Skip to main content

Frequently Asked Questions for Undocumented Students

Find the answers to your frequently asked questions right here.

We’ve gathered answers to the questions we hear the most. However, if your questions or concerns aren’t answered below, Duke students, please contact Kevin D'Arco, Senior Associate Dean of International Students. You can reach him via email at or by phone at 919-681-3922.

students gathering

Frequently Asked Questions

Duke welcomes applications from undocumented and DACA students, and uses the same "need-blind" process as applicants who are U.S. citizens or permanent residents. The need-blind model allows Duke to create a class characterized by both exceptional talent and meaningful diversity. If you are interested in applying for Duke for undergraduate study, please consult the Admissions Office. If you are interested in applying for graduate/professional study, please check with the school/program directly.

The U.S. Citizenship and Immigration Services continues to accept DACA applicants from individuals who currently have or previously had DACA. For more detailed information, please consult US Citizenship and Immigration Services. Although the fate of the DACA program remains uncertain, Duke is firmly committed to protecting the right of all students to learn and discover, regardless of their background or immigration status.

Please appoint a family member or a trusted friend as your representative. If you are stopped or detained off campus, ask your representative to page the Dean-on-call at 919-970-4169, and the Dean-on-call will respond and connect you with appropriate resources.

If you earned less than $55,000, you are eligible for free tax preparation assistance from Duke Law School’s Volunteer Income Tax Assistance Program (VITA). You can get more information at the VITA site.


It is normal to feel anxious at this time of uncertainty. You should seek support from others, such as family, friends, religious/spiritual communitiesstudent groups, and your Duke advisors. Duke Counseling and Psychological Services provides professional support and adheres to confidentiality rules that protect all students' privacy. It also provides a list of resources on how to care for oneself and others.

If you have been granted deferred action under DACA, you are eligible to apply for a North Carolina driver's license for the duration of your permission to remain in the US, and if you meet all other statutory requirements. For more information consult North Carolina Division of Motor Vehicles. 

If you entered the US without inspection, you do not have an immigration status. DACA approval does not grant you a valid status. If you entered the US legally but overstayed, and you are over the age of 18, you may be accumulating time toward “unlawful presence” in the US and subject to a 3- or 10-year bar from re-entering the US. Please consult with an immigration attorney who can evaluate your circumstances.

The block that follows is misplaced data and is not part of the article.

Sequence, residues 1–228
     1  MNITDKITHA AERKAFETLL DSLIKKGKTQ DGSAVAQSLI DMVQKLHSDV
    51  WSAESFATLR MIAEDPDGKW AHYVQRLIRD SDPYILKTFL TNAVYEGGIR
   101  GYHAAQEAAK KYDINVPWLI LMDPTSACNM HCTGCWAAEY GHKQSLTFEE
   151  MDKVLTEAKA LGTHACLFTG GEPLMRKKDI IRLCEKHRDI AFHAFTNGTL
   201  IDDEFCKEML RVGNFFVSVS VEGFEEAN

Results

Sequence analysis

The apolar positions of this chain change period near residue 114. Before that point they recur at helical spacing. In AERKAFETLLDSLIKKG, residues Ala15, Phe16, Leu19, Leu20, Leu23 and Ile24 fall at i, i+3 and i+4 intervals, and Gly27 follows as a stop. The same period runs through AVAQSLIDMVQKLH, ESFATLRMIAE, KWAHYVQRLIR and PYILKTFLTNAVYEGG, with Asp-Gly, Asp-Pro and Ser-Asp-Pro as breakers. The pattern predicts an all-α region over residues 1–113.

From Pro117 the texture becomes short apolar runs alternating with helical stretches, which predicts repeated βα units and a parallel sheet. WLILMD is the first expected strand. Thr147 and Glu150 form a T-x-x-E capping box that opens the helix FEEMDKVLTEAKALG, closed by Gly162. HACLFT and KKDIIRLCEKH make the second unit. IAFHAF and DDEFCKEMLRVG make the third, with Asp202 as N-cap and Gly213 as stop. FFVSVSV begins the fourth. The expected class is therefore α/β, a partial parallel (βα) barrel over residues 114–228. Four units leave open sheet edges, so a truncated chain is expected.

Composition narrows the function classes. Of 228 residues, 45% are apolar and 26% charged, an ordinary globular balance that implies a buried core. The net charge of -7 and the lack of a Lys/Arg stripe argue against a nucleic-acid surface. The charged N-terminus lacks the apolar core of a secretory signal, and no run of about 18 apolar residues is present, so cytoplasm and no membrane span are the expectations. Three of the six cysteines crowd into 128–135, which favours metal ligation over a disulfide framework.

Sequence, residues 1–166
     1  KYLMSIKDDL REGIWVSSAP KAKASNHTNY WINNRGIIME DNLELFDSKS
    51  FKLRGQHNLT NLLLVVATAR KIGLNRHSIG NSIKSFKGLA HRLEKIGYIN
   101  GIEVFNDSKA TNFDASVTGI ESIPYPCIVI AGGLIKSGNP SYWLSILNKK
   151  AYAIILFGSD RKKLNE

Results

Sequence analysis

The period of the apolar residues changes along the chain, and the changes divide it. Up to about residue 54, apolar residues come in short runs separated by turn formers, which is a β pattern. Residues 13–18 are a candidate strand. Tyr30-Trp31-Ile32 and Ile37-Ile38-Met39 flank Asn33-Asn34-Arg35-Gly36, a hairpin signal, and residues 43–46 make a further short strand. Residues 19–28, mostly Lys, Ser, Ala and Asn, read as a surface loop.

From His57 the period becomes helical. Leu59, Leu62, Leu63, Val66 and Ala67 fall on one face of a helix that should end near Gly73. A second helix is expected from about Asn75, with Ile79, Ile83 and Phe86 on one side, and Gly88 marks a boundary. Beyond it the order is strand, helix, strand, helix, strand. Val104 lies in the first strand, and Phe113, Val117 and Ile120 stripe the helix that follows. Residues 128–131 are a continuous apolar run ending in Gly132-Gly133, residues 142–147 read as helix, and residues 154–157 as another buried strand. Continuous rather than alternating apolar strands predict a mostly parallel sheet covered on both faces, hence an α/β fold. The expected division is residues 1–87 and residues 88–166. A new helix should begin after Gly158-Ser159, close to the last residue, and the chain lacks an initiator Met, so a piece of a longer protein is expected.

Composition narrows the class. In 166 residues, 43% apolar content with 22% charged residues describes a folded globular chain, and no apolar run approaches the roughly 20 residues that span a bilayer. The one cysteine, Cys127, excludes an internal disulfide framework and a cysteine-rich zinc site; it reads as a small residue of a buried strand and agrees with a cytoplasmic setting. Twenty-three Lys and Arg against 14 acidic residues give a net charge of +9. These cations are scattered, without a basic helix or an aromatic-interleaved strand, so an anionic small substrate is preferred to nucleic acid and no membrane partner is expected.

Please consult your home school's class attendance and missed work policy.  If you need financial assistance for travel, please consult with your financial support counselor.

The US immigration regulations define “child” as an unmarried person under the age of 21. A “child” can be deported. If you are concerned that you may not be able to take care of certain matters for yourself, you may consider appointing a family member or a trusted friend the power to make decisions on your behalf or "Power of Attorney". For more information, please consult the North Carolina Bar Association.

You can find a list of domestic summer opportunities and graduate opportunities as well as graduate schools with support for DACA/undocumented students through Office of Undergraduate Scholars and Fellows

You can also get email updates and schedule an advising meeting online.

Duke offers many programs outside of Durham, including the Duke Marine Lab. The Global Education Office administers semester programs in DC, New York, and Los Angeles as well as summer programs in Alaska, Chicago, New York, and Silicon Valley. DukeEngage offers immersive summer service programs throughout the U.S. 

REAL ID is a federal law that requires states to verify the citizenship and identity status of their residents before issuing driver's license or identification for certain federal purposes. On October 1, 2020, non-READ ID forms of identification will no longer be accepted at federal building and for domestic flights.  Documents issued by foreign government, such as passports and the Mexican Matricula, are acceptable forms of identification to fly on domestic flights and will remain so.  REAL ID-compliant identification cannot be issued to undocumented individuals, including DACA recipients.

Helpful Duke Resources

Academic Resource Center

Kimberly Bethea

Graduate School

Alan Kendrick
Assistant Dean for Graduate Student Development

Immigrant Rights Clinic

Kate Evans
Clinical Professor of Law & Director

Office of Durham & Community Affairs

Sandra Martinez-Zuniga
Employee Giving Campaign Manager/Advisor, Define American

Pratt School of Engineering

Lupita Temiquel-McMillian
Assistant Dean for Undergraduates

Duke LIFE and Rubenstein Scholars

Sachelle Ford